Ensuring that state government offers sustainable retirement benefits will be a challenging task for Michigan policymakers. On Sept. 30, 2010, the state had a massive, unfunded $21.7 billion constitutional obligation to provide retirement income that has already been earned by government employees under state government’s two largest pension plans: the Michigan Public School Employees’ Retirement System and the Michigan State Employees’ Retirement System.[*]

To contain these costs, policymakers have begun transitioning some of the state’s various defined-benefit retirement systems to defined-contribution plans.[†] An exception to this reform, however, has been MPSERS, which is the state government’s largest pension plan. As of Sept. 30, 2010, the MPSERS pension plan had total actuarial accrued liabilities of $60.9 billion and an actuarial value of assets of $43.3 billion, leaving an unfunded actuarial accrued liability of $17.6 billion.[1]

Reforming MPSERS by shifting new employees from a defined-benefit plan to a defined-contribution plan would further benchmark the state’s retirement systems to private-sector norms. Yet the state has also been warned by several analysts that this reform would result in substantial “transition costs” the state cannot afford.[2]

It might seem that the state can neither keep its system nor reform it — or to paraphrase Jefferson, that the state has a wolf by the ear and can neither hold him nor safely let him go.[3]

This paper, however, explains how policymakers can honor the commitments made to MPSERS participants while controlling and even eliminating so-called “transition costs.” 

State statutes set parameters for the retirement benefits of all Michigan governments and government-owned entities, such as state universities and community colleges. The state requires public school districts to offer retirement benefits through MPSERS.[‡],[4]

Most state employees, on the other hand, receive pension benefits through the Michigan State Employees’ Retirement System.[5] There are also separate plans for judges, state police and legislative employees.[6] Local governments can offer pension benefits to employees at their own discretion.[§]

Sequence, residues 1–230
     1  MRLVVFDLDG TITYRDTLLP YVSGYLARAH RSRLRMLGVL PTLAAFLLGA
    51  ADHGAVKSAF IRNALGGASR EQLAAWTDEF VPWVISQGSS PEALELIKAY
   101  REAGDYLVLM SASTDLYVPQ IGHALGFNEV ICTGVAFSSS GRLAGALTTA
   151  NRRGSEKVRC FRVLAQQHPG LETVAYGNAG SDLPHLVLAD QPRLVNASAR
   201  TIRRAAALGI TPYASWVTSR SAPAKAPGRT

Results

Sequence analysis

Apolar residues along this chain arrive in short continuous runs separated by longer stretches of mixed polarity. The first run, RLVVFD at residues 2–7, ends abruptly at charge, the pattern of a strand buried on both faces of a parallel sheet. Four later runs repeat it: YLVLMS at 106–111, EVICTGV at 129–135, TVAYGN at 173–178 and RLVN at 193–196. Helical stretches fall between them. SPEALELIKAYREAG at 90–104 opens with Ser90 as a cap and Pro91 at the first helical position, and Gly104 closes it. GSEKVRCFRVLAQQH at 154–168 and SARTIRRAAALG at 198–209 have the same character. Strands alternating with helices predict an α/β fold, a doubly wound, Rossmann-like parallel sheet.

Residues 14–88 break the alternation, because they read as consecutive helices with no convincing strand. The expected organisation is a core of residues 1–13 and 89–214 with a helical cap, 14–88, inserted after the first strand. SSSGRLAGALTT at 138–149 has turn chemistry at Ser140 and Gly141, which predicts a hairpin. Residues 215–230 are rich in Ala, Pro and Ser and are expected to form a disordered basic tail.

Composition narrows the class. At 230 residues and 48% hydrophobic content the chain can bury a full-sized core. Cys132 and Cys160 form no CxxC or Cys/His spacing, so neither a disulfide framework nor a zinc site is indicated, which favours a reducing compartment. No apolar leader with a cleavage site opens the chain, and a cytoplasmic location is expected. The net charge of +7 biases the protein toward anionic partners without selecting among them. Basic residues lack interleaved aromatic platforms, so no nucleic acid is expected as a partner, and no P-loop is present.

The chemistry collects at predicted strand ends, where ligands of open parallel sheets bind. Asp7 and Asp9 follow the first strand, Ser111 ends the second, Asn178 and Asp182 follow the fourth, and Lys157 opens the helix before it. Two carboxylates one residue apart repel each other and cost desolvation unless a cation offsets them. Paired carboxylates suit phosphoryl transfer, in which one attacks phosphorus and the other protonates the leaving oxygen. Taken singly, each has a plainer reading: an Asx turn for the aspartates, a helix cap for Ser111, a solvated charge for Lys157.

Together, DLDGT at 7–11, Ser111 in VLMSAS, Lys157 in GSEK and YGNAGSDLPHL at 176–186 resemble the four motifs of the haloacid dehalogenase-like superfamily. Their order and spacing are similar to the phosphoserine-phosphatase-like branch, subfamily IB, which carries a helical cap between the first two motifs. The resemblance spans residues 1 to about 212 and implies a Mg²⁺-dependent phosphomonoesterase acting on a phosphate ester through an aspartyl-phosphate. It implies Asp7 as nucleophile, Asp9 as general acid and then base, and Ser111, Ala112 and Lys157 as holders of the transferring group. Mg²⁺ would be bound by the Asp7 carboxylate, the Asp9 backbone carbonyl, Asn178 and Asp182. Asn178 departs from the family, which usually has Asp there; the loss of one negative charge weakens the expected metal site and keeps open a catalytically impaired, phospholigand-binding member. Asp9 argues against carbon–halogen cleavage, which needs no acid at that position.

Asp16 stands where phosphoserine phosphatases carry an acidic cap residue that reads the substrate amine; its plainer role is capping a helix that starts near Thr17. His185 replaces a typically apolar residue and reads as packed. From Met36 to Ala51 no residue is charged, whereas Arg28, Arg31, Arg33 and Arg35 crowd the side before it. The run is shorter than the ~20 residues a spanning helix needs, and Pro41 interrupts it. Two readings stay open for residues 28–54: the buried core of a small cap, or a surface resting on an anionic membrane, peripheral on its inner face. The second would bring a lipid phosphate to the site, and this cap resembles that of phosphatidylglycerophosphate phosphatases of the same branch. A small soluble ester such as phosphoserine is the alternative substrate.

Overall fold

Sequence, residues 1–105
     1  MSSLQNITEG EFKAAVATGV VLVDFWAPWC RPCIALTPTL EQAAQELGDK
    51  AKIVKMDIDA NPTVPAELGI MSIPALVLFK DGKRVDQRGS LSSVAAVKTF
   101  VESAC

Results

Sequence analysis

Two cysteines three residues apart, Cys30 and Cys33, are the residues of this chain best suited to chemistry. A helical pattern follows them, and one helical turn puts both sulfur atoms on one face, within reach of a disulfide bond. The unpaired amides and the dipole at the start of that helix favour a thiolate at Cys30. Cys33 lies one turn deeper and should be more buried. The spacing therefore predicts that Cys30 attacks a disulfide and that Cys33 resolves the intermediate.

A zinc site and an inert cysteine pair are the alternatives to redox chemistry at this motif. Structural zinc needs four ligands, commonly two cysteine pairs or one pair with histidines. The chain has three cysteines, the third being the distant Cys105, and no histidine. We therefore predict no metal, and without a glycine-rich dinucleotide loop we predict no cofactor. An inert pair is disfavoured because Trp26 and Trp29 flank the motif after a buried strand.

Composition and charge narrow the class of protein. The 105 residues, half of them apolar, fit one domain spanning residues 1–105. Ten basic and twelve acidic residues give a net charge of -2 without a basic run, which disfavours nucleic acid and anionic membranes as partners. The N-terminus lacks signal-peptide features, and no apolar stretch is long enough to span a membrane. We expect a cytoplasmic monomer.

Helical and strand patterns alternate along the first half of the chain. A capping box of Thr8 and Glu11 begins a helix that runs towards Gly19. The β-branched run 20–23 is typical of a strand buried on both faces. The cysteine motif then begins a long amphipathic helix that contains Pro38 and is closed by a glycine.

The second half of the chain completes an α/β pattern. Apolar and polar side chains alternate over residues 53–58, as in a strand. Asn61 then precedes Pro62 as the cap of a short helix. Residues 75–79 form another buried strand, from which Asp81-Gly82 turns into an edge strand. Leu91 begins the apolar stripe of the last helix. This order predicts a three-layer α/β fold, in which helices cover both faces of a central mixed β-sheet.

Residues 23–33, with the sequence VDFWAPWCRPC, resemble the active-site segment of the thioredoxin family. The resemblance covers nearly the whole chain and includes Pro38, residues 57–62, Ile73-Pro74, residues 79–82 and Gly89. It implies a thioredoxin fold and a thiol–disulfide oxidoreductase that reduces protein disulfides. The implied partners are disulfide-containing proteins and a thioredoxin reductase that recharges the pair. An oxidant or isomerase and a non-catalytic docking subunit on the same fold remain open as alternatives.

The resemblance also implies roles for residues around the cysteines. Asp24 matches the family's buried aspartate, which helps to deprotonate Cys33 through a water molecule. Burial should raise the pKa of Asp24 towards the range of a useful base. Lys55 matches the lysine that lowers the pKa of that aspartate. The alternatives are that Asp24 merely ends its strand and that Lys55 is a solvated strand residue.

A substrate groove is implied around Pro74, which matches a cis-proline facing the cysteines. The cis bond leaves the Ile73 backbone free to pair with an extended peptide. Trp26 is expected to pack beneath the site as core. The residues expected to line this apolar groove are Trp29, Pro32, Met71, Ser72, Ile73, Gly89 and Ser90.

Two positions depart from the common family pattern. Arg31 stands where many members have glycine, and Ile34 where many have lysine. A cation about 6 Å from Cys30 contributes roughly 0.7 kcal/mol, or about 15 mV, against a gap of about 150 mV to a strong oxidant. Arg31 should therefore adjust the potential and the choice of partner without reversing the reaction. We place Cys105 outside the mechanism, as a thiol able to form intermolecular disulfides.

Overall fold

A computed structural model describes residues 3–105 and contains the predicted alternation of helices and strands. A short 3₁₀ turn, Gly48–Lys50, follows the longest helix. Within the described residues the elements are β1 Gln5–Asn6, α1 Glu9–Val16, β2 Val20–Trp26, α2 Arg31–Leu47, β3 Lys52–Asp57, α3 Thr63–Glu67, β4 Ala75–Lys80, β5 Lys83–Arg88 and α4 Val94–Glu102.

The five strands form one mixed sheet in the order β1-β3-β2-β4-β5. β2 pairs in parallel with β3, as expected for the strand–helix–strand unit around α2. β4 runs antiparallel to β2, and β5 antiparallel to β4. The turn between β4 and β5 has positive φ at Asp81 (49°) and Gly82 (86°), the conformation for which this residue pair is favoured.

In 1996, the state created a defined-contribution plan for all new hires who entered the MSERS retirement system. The MSERS defined-benefit plan was closed to new participants, though existing participants were free to remain in the defined-benefit plan and continue earning benefits there if they chose.[7] The Legislature instituted a similar transition to defined-contribution plans for new hires in its retirement systems for judges and legislative employees.[8]

In the defined-contribution plans for the three systems, the state employer automatically deposits an amount equal to 4 percent of an employee’s salary into an independent account and then matches an employee’s personal contributions to the account up to 3 percent of the employee’s salary.[9] The individual employee is responsible for determining how much money is placed in his or her account, how this money is invested[¶] and how this money is used upon his or her retirement. The state does not guarantee a particular retirement income or incur liabilities for future payments.

These defined-contribution systems offer three major benefits to employers. First, the plan is “current,” meaning that the costs for retirement are paid in full on an annual basis and the employer does not risk having to contribute more money in the future for unfunded liabilities. Under a defined-contribution plan, costs are incurred immediately and payment of that cost retires the employer obligation completely. In contrast, under a defined-benefit plan, employer payments are only deposits set aside to pay a future liability. These deposits may prove insufficient, so that further deposits become necessary to cover the unfunded liabilities that develop. Unfunded liabilities in a defined-benefit plan may emerge for several reasons: investment returns that are lower than the initial predictions; demographic patterns, such as member longevity, that diverge from initial expectations; or future pay and benefit changes.

Second, the plan is predictable, meaning that the employer’s costs fluctuate only with payroll and with the program’s design parameters, both of which are under the employer’s control. The employer’s contributions to the plan are not subject to factors like problematic investment returns or demographics — the less predictable elements that influence employer pension contributions in defined-benefit plans.

Third, benefits in a defined-contribution system are usually affordable. Private-sector employers’ payments to defined-contribution plans are usually between 5 percent to 7 percent of payroll, as noted by actuary and Mackinac Center Adjunct Scholar Richard C. Dreyfuss.[10] MSERS defined-contribution plan, which requires state government deposits of up to 7 percent of employee payroll, is consistent with this general private-sector range.